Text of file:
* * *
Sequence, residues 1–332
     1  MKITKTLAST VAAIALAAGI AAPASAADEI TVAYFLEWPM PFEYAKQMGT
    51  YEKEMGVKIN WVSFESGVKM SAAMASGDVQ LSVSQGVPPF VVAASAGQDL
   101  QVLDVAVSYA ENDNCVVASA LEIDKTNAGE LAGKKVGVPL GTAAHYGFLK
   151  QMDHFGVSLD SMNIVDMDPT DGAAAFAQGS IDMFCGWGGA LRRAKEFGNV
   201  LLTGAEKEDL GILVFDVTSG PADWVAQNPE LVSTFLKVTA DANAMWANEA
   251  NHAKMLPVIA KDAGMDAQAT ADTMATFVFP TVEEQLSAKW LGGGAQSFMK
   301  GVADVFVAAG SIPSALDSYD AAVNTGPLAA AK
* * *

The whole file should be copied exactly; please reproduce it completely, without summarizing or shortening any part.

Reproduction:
Sequence, residues 1–332
     1  MKITKTLAST VAAIALAAGI AAPASAADEI TVAYFLEWPM PFEYAKQMGT
    51  YEKEMGVKIN WVSFESGVKM SAAMASGDVQ LSVSQGVPPF VVAASAGQDL
   101  QVLDVAVSYA ENDNCVVASA LEIDKTNAGE LAGKKVGVPL GTAAHYGFLK
   151  QMDHFGVSLD SMNIVDMDPT DGAAAFAQGS IDMFCGWGGA LRRAKEFGNV
   201  LLTGAEKEDL GILVFDVTSG PADWVAQNPE LVSTFLKVTA DANAMWANEA
   251  NHAKMLPVIA KDAGMDAQAT ADTMATFVFP TVEEQLSAKW LGGGAQSFMK
   301  GVADVFVAAG SIPSALDSYD AAVNTGPLAA AK